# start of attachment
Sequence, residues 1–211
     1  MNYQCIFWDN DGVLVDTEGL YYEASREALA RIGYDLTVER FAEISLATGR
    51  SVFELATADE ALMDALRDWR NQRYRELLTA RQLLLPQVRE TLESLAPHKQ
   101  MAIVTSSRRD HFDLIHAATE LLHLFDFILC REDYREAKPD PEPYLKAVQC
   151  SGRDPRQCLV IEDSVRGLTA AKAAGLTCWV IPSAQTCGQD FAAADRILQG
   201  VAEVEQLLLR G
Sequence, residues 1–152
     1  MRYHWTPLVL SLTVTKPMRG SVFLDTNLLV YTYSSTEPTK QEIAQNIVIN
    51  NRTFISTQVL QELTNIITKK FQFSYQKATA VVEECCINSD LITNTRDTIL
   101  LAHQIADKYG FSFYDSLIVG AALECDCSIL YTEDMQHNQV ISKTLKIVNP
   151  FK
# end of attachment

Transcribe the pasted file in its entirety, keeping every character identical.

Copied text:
Sequence, residues 1–211
     1  MNYQCIFWDN DGVLVDTEGL YYEASREALA RIGYDLTVER FAEISLATGR
    51  SVFELATADE ALMDALRDWR NQRYRELLTA RQLLLPQVRE TLESLAPHKQ
   101  MAIVTSSRRD HFDLIHAATE LLHLFDFILC REDYREAKPD PEPYLKAVQC
   151  SGRDPRQCLV IEDSVRGLTA AKAAGLTCWV IPSAQTCGQD FAAADRILQG
   201  VAEVEQLLLR G
Sequence, residues 1–152
     1  MRYHWTPLVL SLTVTKPMRG SVFLDTNLLV YTYSSTEPTK QEIAQNIVIN
    51  NRTFISTQVL QELTNIITKK FQFSYQKATA VVEECCINSD LITNTRDTIL
   101  LAHQIADKYG FSFYDSLIVG AALECDCSIL YTEDMQHNQV ISKTLKIVNP
   151  FK